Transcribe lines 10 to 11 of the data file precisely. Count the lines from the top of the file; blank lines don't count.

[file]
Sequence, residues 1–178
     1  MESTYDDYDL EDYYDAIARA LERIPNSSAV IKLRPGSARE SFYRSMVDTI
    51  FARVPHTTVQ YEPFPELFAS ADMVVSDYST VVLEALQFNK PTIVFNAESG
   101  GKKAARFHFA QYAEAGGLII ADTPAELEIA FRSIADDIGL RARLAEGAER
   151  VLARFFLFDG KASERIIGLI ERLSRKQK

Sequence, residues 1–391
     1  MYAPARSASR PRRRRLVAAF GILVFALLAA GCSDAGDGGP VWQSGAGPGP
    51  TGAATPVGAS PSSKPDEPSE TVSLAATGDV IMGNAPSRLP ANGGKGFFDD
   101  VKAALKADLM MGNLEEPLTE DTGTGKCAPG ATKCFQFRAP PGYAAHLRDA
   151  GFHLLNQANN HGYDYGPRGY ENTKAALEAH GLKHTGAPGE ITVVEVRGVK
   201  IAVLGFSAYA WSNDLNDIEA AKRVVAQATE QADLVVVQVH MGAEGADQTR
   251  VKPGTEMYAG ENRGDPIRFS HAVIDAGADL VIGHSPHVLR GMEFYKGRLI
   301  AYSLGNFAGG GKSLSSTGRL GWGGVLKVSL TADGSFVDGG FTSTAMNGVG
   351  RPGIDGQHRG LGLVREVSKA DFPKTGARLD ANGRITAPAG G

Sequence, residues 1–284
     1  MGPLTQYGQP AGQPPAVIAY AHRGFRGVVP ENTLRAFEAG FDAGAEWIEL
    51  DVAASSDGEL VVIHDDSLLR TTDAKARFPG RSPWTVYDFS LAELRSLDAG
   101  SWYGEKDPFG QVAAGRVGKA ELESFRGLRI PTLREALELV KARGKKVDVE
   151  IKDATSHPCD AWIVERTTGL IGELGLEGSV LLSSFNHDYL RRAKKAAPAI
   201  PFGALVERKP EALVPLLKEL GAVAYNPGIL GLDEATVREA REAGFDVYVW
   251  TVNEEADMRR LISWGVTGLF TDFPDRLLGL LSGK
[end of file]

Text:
   151  GFHLLNQANN HGYDYGPRGY ENTKAALEAH GLKHTGAPGE ITVVEVRGVK
   201  IAVLGFSAYA WSNDLNDIEA AKRVVAQATE QADLVVVQVH MGAEGADQTR